Imagine that you are a doctor participating in a compensation review board for wounded veterans. You are responsible for signing off on pensions that have been recommended by a politically connected doctor. Frequently, the diagnosis is "polyarthritis" and the disability rating is 85%. At first, your review committee is fully staffed, but the pressure to endorse the blatantly bogus claims is intense. Soon, only two doctors remain. You and your colleague sit together for long hours, re-examining "wounded" veterans and challenging hundreds of claims. As you reject one phony applicant after another, the doctor signing off on the original applications threatens you with bodily harm.
You cannot turn to the government for support, because senior members of the ruling party are collecting disability payments. The doctor determining the absurd ratings heads the War Veterans Association and has given himself a rating of 85% for "polyarthritis." He is so well connected, the country's president has invited him into the Cabinet (where a number of his fellow cabinet members, moving with no evident difficulty, have been classified as quadriplegics with disability ratings of 100%).
Where are we? What nightmare of a country operates in this fashion? We are in the tragic land of Zimbabwe, formerly Rhodesia. The doctor is writer Peter Godwin's mother, who has spent much of her life in Africa, struggling heroically to provide medical care to her impoverished patients. Her colleague, up until her retirement from the review board, was Dr. Edwin Mhazo. Alas, he died very suddenly, under mysterious circumstances.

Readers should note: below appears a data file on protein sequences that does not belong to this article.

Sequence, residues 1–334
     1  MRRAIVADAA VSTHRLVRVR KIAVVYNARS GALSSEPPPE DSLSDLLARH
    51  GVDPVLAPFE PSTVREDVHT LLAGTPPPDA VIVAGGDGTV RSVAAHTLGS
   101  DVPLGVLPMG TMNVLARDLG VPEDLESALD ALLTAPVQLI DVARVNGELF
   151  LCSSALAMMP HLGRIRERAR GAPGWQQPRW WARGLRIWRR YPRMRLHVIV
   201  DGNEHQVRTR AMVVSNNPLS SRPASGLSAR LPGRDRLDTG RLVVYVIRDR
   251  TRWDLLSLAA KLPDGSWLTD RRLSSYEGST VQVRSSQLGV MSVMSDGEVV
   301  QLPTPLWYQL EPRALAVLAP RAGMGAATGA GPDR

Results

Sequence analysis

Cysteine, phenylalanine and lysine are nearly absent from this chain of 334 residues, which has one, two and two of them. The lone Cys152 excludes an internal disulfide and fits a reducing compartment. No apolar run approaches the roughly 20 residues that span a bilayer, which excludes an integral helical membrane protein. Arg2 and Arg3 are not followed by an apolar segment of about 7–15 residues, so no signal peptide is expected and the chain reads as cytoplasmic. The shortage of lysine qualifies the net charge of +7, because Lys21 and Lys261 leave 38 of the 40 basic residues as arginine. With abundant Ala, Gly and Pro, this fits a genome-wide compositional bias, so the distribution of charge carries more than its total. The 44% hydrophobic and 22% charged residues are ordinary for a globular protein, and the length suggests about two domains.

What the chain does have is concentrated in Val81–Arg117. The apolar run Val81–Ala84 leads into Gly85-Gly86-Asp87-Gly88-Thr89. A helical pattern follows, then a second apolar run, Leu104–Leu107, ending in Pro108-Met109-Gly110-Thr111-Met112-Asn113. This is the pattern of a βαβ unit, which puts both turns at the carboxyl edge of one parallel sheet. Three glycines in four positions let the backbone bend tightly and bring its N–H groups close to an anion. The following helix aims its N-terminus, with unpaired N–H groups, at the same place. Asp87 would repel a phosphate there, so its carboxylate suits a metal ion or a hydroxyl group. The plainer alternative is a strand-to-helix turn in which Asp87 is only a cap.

The head of the veterans association and cabinet member who leads the corrupt drive for phony pensions is Dr. Chenjerai "Hitler" Hunzvi, who sat out the war for independence in Poland, well out of harm's way, but who returned after Robert Mugabe assumed (total) power. In 1997, when the government ran out of money to pay wounded veterans (some truly disabled, many not), Hunzvi led street demonstrations. Mugabe caved to the protesters, offering huge lump sum settlements and generous monthly payments to 50,000 war vets. The Zimbabwe dollar collapsed, never to recover.
NOTE: Godwin's fascinating memoir, When a Crocodile Eats the Sun, is available in paperback. Highly recommended.
The Politics of Disability
The thousands of practitioners who work in disability-related fields in this country take a lot for granted. The vast majority work with integrity and genuine compassion. We all recognize the importance of accurate disability ratings. When there are disagreements between insurance companies and claimants, the courts offer a complex but reasonably consistent "due process" to ferret out the truth. The system is not always fair and the outcomes on individual cases can be truly bizarre, but on the whole the results are within reasonable parameters.
What we see in Zimbabwe is a parody of the process: a totally corrupted means of securing wealth for people who do not deserve it. It is a compelling reminder that all social interaction is based upon good faith. When that faith is stripped away, when hearts of darkness prevail, good people and the values they embody are very much at risk.